Frank J. Vergano
Pi 2

I am having a hard time making ends meat.

But then I

realize there are other people that could be worse off than


So far this year, 1990, I have spent $1,500.00 on my

medicine plus $500.00 I had to repay P.A.A.D. and the state of

New Jersey for a total of $2,000.00.

Mr. PALLONE. Thank you, Mr. Vergano.
Mr. VERGANO. You're quite welcome.
Mr. PALLONE. Ms. Linda Furlong.

STATEMENT OF LINDA FURLONG, LAKEWOOD, NJ Ms. FURLONG. I'd like to thank you for allowing me to share my experiences. I care for my grandmother, she's 98 years old and she is totally bedridden and chair-ridden, she had a hip replacement when she was 96. Our major concerns are the expenses that aren't covered by Medicare such as hospital beds, and all the other things that are nonmedical that aren't paid for. So we have pretty much depleted all her money that she had saved. I have two teenage sons still living at home. I need to work. However, I can't go out to work because I cannot get anyone to care for her. At this time, my husband and my children and I haven't been out anywhere together as a family since her hip replacement. We take turns staying with her. It is rewarding to know that she is with loved ones, but it's very hard and I'd like to see if we could get some respite care in the home because she is frail and cannot be transported to a nursing home or to a day care center where she could be cared for. For someone at her age and with her senility, it would probably kill her if we went away, so I wouldn't even attempt to leave her unless it was in her own surroundings. And I guess that's all.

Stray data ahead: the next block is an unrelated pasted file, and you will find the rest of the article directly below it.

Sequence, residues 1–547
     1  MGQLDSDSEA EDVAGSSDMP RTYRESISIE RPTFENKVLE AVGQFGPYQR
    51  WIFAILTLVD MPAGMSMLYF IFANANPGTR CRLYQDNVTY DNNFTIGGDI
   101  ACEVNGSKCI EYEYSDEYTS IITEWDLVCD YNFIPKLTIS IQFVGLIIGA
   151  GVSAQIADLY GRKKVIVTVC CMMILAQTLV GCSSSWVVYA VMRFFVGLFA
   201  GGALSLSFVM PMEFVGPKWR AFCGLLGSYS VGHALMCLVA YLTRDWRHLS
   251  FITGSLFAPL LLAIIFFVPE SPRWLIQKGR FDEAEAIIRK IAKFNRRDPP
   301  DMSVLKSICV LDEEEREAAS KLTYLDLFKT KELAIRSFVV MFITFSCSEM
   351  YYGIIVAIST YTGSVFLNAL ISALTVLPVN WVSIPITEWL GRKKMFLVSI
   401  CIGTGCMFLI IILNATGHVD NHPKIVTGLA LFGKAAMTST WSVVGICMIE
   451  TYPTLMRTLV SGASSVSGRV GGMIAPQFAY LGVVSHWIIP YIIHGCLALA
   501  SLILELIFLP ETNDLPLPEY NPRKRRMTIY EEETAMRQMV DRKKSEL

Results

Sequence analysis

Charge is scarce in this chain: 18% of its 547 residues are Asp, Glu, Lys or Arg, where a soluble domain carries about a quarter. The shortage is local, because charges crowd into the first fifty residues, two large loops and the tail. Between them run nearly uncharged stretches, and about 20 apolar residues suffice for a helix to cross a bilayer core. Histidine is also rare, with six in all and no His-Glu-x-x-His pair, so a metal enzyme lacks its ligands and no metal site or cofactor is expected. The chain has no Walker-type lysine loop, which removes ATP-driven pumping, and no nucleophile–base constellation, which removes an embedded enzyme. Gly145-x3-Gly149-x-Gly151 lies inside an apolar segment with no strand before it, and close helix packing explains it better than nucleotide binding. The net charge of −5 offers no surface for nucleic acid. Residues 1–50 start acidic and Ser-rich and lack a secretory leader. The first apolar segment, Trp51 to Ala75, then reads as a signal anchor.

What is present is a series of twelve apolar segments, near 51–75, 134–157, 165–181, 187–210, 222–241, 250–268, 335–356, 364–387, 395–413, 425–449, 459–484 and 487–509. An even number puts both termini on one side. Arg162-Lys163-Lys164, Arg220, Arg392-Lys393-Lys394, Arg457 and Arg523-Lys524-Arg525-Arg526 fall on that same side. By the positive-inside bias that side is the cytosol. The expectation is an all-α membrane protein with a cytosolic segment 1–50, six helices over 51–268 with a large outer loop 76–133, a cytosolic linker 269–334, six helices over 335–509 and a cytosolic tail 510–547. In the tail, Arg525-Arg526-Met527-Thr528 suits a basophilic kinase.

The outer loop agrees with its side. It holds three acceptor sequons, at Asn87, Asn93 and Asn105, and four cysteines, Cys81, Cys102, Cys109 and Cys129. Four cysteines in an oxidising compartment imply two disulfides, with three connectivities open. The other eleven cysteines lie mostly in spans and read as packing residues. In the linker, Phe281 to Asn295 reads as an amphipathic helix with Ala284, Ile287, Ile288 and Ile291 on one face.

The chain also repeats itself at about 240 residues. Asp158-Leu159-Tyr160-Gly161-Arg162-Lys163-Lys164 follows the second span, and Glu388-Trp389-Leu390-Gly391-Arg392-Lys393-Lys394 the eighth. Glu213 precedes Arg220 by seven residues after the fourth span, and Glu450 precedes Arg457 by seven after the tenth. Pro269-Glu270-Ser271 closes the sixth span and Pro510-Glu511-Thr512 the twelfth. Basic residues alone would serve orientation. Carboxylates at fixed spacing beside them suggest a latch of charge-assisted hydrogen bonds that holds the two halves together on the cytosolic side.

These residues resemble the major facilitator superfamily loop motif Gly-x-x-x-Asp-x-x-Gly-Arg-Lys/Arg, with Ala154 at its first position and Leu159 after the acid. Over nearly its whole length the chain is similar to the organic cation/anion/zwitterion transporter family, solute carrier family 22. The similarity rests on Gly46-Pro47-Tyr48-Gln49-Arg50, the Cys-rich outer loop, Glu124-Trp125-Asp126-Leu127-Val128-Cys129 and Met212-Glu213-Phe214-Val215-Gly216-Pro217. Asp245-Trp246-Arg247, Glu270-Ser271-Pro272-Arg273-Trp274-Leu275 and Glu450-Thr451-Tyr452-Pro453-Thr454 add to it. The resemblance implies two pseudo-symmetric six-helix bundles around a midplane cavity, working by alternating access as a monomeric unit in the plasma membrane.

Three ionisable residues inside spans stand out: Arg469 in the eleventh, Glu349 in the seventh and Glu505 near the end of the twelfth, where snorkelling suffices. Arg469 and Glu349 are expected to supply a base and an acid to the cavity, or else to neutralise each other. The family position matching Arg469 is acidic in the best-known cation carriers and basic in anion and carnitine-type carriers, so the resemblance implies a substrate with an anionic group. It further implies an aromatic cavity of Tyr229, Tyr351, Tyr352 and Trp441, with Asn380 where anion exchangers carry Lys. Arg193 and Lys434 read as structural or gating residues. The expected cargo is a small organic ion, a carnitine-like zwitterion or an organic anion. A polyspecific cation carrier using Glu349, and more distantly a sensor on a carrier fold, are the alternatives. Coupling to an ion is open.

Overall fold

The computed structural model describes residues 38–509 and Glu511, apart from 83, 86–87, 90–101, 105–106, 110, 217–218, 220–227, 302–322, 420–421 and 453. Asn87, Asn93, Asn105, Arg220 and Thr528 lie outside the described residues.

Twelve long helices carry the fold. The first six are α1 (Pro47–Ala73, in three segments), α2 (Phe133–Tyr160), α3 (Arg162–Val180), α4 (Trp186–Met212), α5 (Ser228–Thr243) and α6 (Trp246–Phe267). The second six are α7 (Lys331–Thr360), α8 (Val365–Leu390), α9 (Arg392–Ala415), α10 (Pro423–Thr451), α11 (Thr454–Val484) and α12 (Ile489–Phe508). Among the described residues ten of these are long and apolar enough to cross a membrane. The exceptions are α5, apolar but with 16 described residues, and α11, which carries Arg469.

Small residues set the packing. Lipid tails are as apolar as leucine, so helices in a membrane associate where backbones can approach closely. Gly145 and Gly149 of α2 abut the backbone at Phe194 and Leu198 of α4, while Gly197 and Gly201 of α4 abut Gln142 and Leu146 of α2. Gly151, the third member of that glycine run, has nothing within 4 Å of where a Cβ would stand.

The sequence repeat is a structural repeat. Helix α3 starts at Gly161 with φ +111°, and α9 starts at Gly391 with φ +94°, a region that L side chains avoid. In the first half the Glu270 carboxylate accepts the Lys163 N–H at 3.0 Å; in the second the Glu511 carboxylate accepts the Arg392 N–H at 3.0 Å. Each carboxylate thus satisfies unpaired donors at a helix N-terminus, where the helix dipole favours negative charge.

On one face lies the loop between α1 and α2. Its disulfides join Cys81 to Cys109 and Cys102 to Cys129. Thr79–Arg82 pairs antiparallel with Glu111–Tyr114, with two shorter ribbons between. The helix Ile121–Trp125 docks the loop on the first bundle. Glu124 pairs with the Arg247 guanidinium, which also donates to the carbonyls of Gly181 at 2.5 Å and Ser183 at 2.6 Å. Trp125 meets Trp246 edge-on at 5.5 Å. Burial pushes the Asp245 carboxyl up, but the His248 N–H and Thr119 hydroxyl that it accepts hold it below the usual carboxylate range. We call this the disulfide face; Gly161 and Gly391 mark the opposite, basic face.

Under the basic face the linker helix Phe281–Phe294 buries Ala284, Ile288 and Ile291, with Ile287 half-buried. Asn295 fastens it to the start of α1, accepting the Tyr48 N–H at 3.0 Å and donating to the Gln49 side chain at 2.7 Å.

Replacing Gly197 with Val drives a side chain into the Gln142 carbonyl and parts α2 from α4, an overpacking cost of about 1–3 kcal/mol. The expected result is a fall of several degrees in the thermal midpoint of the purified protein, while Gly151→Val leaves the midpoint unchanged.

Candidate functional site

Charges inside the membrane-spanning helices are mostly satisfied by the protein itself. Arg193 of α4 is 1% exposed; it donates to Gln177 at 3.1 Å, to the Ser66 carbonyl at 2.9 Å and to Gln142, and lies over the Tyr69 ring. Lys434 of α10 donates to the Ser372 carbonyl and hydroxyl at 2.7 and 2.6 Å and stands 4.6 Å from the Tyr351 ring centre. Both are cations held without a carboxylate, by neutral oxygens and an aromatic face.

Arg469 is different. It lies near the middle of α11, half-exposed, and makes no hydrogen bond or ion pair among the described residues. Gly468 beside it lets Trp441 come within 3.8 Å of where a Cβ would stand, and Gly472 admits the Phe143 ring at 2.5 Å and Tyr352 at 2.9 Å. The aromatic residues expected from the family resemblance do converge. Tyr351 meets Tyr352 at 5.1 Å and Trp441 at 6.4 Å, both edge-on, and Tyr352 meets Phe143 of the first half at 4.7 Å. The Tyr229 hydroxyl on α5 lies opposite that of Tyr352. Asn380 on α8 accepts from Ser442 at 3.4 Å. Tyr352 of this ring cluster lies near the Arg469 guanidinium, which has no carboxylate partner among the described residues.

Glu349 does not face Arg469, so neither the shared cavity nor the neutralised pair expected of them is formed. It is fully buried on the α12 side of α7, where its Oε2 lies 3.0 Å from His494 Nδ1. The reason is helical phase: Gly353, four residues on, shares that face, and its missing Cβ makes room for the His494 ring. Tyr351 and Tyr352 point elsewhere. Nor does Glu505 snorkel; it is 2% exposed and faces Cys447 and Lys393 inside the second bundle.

[The statement of Ms. Furlong follows:)






OCTOBER 29, 1990,

Thank you, Congressman Pallone, for allowing me the opportunity to share my experiences with home care for my ninetyeight year old grandmother.

I am the oldest of three grandchildren. My father, her son, resides in Florida. He is in poor health. My grandmother always told me that she never wanted to go in a nursing home. She is very special to me and I want to take care of her.

I had a very close relationship with my grandparents. They were very special people and most all of my happiest childhood memories are about the things we did together as a family.

My grandparents were both born in this area. He in Southard. She's a Herbert of Herbertsville. My grandfather was a postal employee, a hard worker right up to the day he had a stroke at age eighty-two. He also was a devoted husband who wanted us to care for his wife (as he had done) after he was gone. A few days before he passed away, I assured him that I would care for her. He was very relieved and able to let go.

My grandmother lived alone for ten years after his passing away. At age ninety-four, even with our weekly supervision, she nearly died of malnutrition. We brought her to live with us immediately in April of 1987. She recovered within a few weeks of being fed properly. She used my nine year old son's room until a room was added on our house for her. She adjusted quickly to living here.

In April of 1988 she became ill with pneumonia and was hospitalized for two weeks. In December of 1988 she fell and broke her hip. She had a hip replacement January 1989. Her recovery was good, but now she is in need of full time nursing care. She is unable to walk on her owli. She must be watched constantly so she doesn't fall again. She is incontinent and is